Britain’s Got Talent review

Jack Kibble-White reckons that Britain's Got Talent is the most heart-warming programme on television right now. And here's why...

Britain has talent. And Jack has a decent talent show to look forward to watching...

Last Saturday offered up perhaps the strongest Saturday night schedule since –  well since Doctor Who was last on frankly.  But a single good programme does not a schedule make, and the second episode of the Timelord’s fourth series was just one component of what turned out to be a cracking TV evening in. 

Anyway, we’re not here to talk Doctor Who, nor praise Pushing Daisies (which was great, but derivative) so let’s instead turn our attention to the very welcome return of the ratings behemoth that brightened the evening some time after the Doctor popped off from Pompeii, and just before Anna Friel got killed again.

You may scoff, but the new series of Britain’s Got Talent is a massive shot in the arm to the ailing to TV Talent show genre.   I recently had the dubious pleasure of watching again the highlights of 2002’s Popstars: The Rivals.  You may remember this was the series that launched Girls Aloud, sunk One True Voice and featured histrionics, tears and a contestant admitting live on television that he was two months too old to be in Pete Waterman’s band – perhaps he’d caught sight of the sheet music for “Sacred Trust” and “Shakespeare’s (Way With) Words” (never trust a song with a parenthesised title).  

Anyway, aside from the constant blubbing, the other things that I noticed about Popstars: The Rivals were a) how cheap it looked (you can clearly see that a number of the auditions take place at the bottom of a flight of stairs in some dingy hotel room); and b) how lacking in wit the whole production was.  

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By contrast, Britain’s Got Talent is a fantastically surefooted series.  The use of those bullet-time swoops is a bit dated, as are the shots of the queuing auditionees collectively asserting that their town has talent.  These are all weary cogs in the talent show machine, as are the ubiquitous and much commented on back-stories for the most heart-warming candidates.  It’s just that here they are deployed with a deftness that is a million miles away from – for example – the awful and mean sequence in the last series of X Factor in which an overweight auditionee and her similarly large family were cut to the The Flumps theme tune.

There are a few factors that I think make Britain’s Got Talent work.  First of all there is Simon Cowell’s finely tuned sensibility for great light entertainment television.  With the aforementioned X Factor you sense the format is no longer a challenge to him, so he is happy to let it atrophy.  Here, everyone seems to be on their toes, most notably with the editing of the audition days, which is both brilliant and refreshing.  The usual American Idol / X Factor arc of a run of bad auditions followed by a flurry of great acts to lift the judges’ spirits isn’t so obviously applied here.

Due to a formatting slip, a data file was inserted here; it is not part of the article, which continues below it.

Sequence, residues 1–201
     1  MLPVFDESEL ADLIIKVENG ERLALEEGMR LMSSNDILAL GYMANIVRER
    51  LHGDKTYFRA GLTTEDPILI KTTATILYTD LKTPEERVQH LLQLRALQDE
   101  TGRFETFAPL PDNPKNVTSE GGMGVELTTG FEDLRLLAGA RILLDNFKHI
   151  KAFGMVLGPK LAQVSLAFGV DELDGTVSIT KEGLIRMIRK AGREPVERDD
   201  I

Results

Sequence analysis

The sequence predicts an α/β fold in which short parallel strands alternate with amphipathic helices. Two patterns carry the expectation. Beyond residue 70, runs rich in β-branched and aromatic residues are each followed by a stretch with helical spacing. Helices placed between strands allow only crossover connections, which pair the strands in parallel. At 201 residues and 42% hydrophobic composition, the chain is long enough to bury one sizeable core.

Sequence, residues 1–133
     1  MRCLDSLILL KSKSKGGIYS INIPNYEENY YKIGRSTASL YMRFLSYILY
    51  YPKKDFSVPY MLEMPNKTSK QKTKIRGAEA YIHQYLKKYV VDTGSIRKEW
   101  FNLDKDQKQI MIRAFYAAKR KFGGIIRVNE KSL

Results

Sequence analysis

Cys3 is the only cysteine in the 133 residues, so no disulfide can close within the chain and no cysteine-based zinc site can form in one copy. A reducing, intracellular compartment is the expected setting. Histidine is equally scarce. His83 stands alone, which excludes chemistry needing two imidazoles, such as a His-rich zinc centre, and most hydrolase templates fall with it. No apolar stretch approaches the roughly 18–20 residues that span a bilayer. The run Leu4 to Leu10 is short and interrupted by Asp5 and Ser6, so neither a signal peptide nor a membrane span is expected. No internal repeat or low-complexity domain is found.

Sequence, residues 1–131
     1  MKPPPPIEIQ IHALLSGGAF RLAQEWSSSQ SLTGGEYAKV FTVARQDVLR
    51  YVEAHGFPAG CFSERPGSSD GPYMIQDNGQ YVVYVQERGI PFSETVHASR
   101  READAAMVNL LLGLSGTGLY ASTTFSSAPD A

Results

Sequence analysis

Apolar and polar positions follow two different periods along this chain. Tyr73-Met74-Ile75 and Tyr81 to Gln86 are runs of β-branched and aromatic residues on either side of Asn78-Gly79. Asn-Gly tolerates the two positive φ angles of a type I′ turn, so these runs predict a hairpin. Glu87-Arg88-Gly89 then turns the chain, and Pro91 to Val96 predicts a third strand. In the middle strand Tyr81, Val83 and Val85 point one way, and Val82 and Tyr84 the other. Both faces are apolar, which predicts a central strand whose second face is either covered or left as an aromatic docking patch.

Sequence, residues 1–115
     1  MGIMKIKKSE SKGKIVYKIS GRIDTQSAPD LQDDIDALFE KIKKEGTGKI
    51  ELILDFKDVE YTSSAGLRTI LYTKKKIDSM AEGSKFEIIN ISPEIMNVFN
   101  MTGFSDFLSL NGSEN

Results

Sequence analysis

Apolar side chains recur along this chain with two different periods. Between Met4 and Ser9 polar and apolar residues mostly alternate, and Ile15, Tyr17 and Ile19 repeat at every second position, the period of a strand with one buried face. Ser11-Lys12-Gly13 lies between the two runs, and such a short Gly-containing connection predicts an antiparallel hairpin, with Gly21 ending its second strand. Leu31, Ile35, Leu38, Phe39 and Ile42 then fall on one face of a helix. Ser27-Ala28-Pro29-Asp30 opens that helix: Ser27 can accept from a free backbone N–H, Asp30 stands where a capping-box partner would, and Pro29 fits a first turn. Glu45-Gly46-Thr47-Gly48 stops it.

Thankfully there is also a lack of the type of butchery that we’ve seen in other series, in which shots of judges obviously hewn from different times and places are cobbled together to approximate an exchange between a member of the public and a member of the judging panel. Although I can’t substantiate my claim, I sense Britain’s Got Talent‘s care and attention is in some way due to Cowell’s obviously genuine interest in the project.

So factor number two is obviously Ant and Dec.  This is now the best vehicle for the twosome’s talents.  Here they freewheel, empathise and muck about in a way that after all these years still seems refreshing.  They are superb at assessing a moment and understanding how it likely play once its left the edit suite.  They judge immaculately when to play up to the cameras and when to fade into the background to allow the on-stage talent to strut their stuff.

Which brings us to the final factor.  I’ve always felt there is something innately narcissistic about wannabe pop stars.  Fairly or unfairly, these people seem to me to spend little time worrying about their craft, and lots of time trying to wrinkle their nose like Emma Bunton does in pop videos, style their directional hair like Pete Docherty, or approximate in the vaguest sense the vocal gymnastics of a singer that they like to think of as a “diva”.  I can’t in all honesty claim that there isn’t some talent or effort involved on the part of successful X Factor auditionees, but to me it’s all a means to an end, with the actual singing being a distant second to the adulation.

By contrast, Britain’s Got Talent offers us people who genuinely love their act – they must do, as some of them have clearly taken years to perfect it.  Years of tedious, boring practice, which doesn’t afford them any opportunity to look at themselves in the mirror and assess their progress towards looking like someone cool.  Indeed, in most walks of life, many of these people are underdogs – their dedication to unfashionable pastimes demands it of them.  Dog training, contortionism, or singing “Pie Jesu” will win few friends out among the hoi polloi, but, as we heard from one contestant, it will invite bullies to single you out.  

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This then is why Britain’s Got Talent is great; uniquely among the current crop of Saturday talent shows, talent transcends all fashion and clique, and the meek and the geeky have as much chance of winning as the glamorous and the confident. All in all, it makes Britain’s Got Talent the most heart-warming show on television.

We’re delighted that Jack is doing some writing for Den Of Geek, especially as we happened to be fans of his book…